ROBERT KARLSSON is perfectly poised to win it for the first time and Lee Westwood could also prove a spoilsport but even the two closest challengers for the European Tour order of merit title agree that Pádraig Harrington remains the outstanding golfer of 2008.
“If you asked me if Pádraig was the player of the year, then I would have to say yes,” admitted Westwood. “Anyone who wins two majors in a year has to be classed as the best of that year.”
Karlsson, understandably enough, wasn’t quite as forthcoming given that he currently holds a 290,425 points lead over the Irishman. But he did acknowledge: “The order of merit is a funny thing because so much depends on the number of tournaments you play. Pádraig has played 13 but I’ve played 22. So it’s a bit unfair. It’s like Manchester United playing Arsenal and one has to play 13 and the other 22. It’s not really a fair judgement of the season – but if I win it, I’m not going to complain, put it that way.”
In fairness to Harrington, he sees no reason whatever to quibble with those comments. “I haven’t played enough events to put me out there and my best tournaments definitely weren’t in Europe. Robert has performed more consistently in Europe and consistency is what the order of merit is about. He probably deserves it but that doesn’t mean he gets it.”
Harrington, it seems, is ready for battle and really looking forward to it. It will be fascinating to see how he and Karlsson fare when they go out in the last match of the first round just before noon Irish time today.
Obviously, Karlsson wins the order of merit if he wins the tournament. Harrington will prevail if he wins and the Swede isn’t second. Even if Westwood wins, the Harry Vardon Trophy still won’t be his should Karlsson come runner-up or Harrington is fifth .
Harrington and Karlsson are good friends and indeed Ryder Cup partners but the Irishman has far greater experience of these situations.
Back in 2002, he and Retief Goosen were neck and neck coming to the Volvo and, as usual, went out in the last match on the first day. Harrington’s approach to the first pulled up inches short of the putting surface and in the belief that he was on the green, picked up the ball and marked it. After realising his mistake, he was penalised two shots and immediately his challenge for tournament and order of merit was essentially over. He also finished second in ‘01 and third in ‘03, ‘04 and ‘07
In 2006, though, it was a different matter and with the help of a faltering finish by Sergio Garcia and an illness that befell his closest rival, Paul Casey, he finished off the job to become only the third Irishman after Christy O’Connor Senior, twice, and Ronan Rafferty to head the money list.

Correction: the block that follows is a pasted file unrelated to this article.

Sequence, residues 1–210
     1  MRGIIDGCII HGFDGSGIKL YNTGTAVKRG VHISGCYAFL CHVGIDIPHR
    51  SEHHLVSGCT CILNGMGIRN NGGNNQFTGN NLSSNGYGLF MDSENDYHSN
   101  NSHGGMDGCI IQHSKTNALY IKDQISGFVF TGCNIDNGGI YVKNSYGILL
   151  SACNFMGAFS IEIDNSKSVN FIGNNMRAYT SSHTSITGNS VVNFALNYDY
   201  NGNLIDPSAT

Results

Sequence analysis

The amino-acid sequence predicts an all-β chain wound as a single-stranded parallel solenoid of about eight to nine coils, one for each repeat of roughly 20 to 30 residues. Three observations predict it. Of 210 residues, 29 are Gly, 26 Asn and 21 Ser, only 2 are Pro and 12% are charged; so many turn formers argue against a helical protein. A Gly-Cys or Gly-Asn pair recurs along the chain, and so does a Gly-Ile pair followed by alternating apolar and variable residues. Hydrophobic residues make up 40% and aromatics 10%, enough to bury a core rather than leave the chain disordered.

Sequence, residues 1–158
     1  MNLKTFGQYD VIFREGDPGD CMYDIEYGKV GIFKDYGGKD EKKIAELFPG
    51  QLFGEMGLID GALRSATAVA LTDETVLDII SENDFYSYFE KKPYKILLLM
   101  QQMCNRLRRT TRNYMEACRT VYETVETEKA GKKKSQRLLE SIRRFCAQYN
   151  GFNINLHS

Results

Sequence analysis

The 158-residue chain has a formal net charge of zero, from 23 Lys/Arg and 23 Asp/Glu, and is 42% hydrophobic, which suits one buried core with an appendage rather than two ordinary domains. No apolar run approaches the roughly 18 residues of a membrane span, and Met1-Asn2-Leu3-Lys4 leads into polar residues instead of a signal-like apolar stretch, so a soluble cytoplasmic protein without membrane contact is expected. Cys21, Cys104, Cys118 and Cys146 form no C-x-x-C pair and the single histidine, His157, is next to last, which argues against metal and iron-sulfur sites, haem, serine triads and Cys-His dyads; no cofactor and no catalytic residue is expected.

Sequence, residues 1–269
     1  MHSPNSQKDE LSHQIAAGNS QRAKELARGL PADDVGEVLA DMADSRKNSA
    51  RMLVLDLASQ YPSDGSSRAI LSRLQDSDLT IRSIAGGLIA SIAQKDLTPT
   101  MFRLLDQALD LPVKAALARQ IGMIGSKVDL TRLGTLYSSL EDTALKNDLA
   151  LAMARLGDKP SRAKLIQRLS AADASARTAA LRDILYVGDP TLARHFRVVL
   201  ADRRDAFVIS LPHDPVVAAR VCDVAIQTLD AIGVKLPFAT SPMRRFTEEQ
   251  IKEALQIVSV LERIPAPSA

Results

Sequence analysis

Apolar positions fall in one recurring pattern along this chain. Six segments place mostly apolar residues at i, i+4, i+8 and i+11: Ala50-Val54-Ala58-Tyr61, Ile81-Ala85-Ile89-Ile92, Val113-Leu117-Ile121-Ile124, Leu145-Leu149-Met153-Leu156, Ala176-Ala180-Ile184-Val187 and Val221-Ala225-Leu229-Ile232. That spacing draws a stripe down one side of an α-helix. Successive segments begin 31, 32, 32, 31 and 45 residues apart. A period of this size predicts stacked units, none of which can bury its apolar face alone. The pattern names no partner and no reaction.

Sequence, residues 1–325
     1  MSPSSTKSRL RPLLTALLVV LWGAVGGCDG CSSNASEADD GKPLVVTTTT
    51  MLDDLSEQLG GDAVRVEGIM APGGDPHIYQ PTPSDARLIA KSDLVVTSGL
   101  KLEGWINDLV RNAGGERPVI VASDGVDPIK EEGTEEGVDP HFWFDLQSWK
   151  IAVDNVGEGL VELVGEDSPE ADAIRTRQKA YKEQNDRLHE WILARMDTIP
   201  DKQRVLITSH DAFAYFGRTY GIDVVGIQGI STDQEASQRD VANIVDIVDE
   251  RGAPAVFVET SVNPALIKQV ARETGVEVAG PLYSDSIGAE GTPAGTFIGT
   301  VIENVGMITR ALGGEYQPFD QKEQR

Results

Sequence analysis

If the issue is to be decided by having been there before, the Harrington-Karlsson showdown should be a foregone conclusion in the former’s favour given that the best finish the Swede has managed was fourth in ‘06.
As against that, Westwood knows perfectly well what it takes to show them all the way home. He pipped Darren Clarke in 2000, was second in 1999 and third twice before that. His form dipped throughout the early and mid years of the new millennium before he rededicated himself to practice and fitness. He was tenth a year ago and now owes his place in the top three to his runner-up spot in the US Open at Torrey Pines in June together with finishing second on six occasions.
Still, the fact that he has yet to actually win in 2008 could prey on Westwood’s mind should he come down the stretch on Sunday afternoon with the two big prizes still there for the taking. Miguel-Angel Jimenez and Henrik Stenson could still figure in the shake-up if they enjoy big weeks and the three leaders fail to show.
Just about every player accepts that this is a decidedly dangerous golf course on which just about anything could happen. Certainly, nothing will have been decided one way or the other until the par five 17th with the lake fronting a treacherously back to front sloping green is out of the way.
A number of subtle changes have also been made to the Valderrama course, some of which are likely to see it play more difficult than ever in this its last hosting of the Volvo Masters. Even though the Robert Trent Jones design is 12 yards short of 7,000 yards and accordingly is far from the longest these players tackle on the big occasions, it is very much on the soft side with hardly any run on the ball.
A strong, chilly wind swept the course yesterday and if the conditions remain pretty much the same through the week-end, those finishing on level par 284 will be very close the first prize of €708,000.
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